This spring proved to be a very interactive one for Rewilding Europe’s Oder Delta team.
During the Wild Ways event in Amsterdam in mid-April we began by sharing experiences and insight with the wider Rewilding Europe web – members of the supervisory board, Rewilding Europe Circle, senior management, central team and local rewilding teams. Iwona Krepic, Ulrich Stoecker and myself, who all took part in this memorable and festive event, enjoyed meeting colleagues and partners and team members of rewilding areas.
It was particularly interesting to hear how other rewilding areas frame and apply the rewilding philosophy according to local conditions and requirements. This practical approach to rewilding means teams can deal with the very specific contexts and challenges they encounter on the ground on a daily basis. As they work to make the Rewilding Europe vision a reality, it was heartening to hear how so many team members are working together with local stakeholders to find solutions that benefit both wild nature and people.
At the beginning of June we welcomed the Rewilding Europe supervisory board and central team to the Oder Delta rewilding area. This was a great opportunity for us to take a step back, present an overview of our activities, and discuss the best ways to take our rewilding-related work forward.
In the Oder Delta we continue to face a number of issues and projects that threaten to negatively impact wild nature. These include the erection of wind turbines, new plans to develop shipping routes on the River Oder, the drainage of wetland areas and dyke construction, and intensive agriculture.
Hiking through the vast network of marshes and meadows near Skoszewskie, we discussed these issues with our international partners, and planned for future exchange with specialists from the Netherlands. We also looked at sites for new wildlife hides, receiving valuable input from Wiet de Bruijn, Chaiman of the supervisory board, on the expectations of professional photographers.
Our ongoing efforts to boost nature guides in Germany (through the Leader Local Guides initiative) and within the wider transboundary area (via a network of nature guides) were also discussed. One exciting development is that safari trips to the Polish side of Oder Delta are now included in the European Safari Company portfolio. Together with Ilko Bosman, Executive board member, we also talked about leveraging opportunities within our fishery management initiative, and ways that we might empower local groups of fishermen through Rewilding Europe Capital.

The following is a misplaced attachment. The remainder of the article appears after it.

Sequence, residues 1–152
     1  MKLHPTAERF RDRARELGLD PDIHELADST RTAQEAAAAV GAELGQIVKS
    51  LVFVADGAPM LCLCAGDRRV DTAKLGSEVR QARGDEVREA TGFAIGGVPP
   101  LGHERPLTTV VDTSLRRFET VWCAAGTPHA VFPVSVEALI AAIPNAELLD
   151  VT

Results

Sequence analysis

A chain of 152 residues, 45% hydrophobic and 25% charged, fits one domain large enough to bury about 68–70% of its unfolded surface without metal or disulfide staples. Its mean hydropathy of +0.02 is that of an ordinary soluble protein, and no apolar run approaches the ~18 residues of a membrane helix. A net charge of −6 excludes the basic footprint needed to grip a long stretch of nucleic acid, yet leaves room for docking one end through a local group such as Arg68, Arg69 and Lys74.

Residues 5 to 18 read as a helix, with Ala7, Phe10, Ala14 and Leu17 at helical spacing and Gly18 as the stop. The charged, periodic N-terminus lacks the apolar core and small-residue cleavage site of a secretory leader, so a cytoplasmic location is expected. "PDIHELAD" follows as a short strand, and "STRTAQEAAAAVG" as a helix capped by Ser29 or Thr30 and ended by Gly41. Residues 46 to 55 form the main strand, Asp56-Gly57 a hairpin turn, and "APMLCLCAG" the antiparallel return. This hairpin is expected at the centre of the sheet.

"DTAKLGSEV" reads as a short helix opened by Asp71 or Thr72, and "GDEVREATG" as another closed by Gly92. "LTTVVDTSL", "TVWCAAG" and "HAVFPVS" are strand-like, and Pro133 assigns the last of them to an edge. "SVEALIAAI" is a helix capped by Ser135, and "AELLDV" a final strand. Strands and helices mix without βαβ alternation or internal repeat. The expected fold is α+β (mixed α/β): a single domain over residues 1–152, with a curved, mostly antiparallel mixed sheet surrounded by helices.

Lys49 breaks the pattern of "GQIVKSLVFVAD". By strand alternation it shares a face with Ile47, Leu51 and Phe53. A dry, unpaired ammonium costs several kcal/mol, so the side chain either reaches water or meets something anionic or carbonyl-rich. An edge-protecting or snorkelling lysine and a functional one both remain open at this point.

This visit included a long and memorable boat trip from Stepnica to Altwarp. With board members crossing a large stretch of lagoon, it was a great way to experience the character (and imposing weather!) of the Oder Delta.
Near Altwarp and its inland sand dunes the group discussed the issue of natural grazing, exchanging experience and insight from Spain, the Netherlands and Germany. As a result time was running late as we headed to the Anklam wetlands for a guided tour (the guide’s interesting Facebook page can be viewed here). Enduring the attention of the local mosquito population, we encountered probably the biggest white-tailed eagle nest of the entire lagoon.
The group narrowly missed spotting a beaver, with only a telltale trace of bubbles left by the elusive animal. In this area beavers seem to amicably coexist in close proximity – at one point we saw three beaver lodges located right next to each other. Also memorable were trails left by foam cicada, looking as if someone had walked in front of us spitting every metre.
That evening we headed to Bauer Berg, in the northwestern part of the delta, where a delicious barbecue awaited us. Up early for a solar-powered boat ride on the River Peene the following day, the group enjoyed a fitting finale to the trip, with abundant birdlife and more signs of beaver activity.
We finished at the headquarters of our partners from Abenteuer Flusslandschaft, where we crystallised our next steps with the benefit of more feedback from the central team and supervisory board. Even the non-ornithologists among the group had enjoyed a thrilling and highly productive couple of days, and we hope to welcome everyone back again in the near future!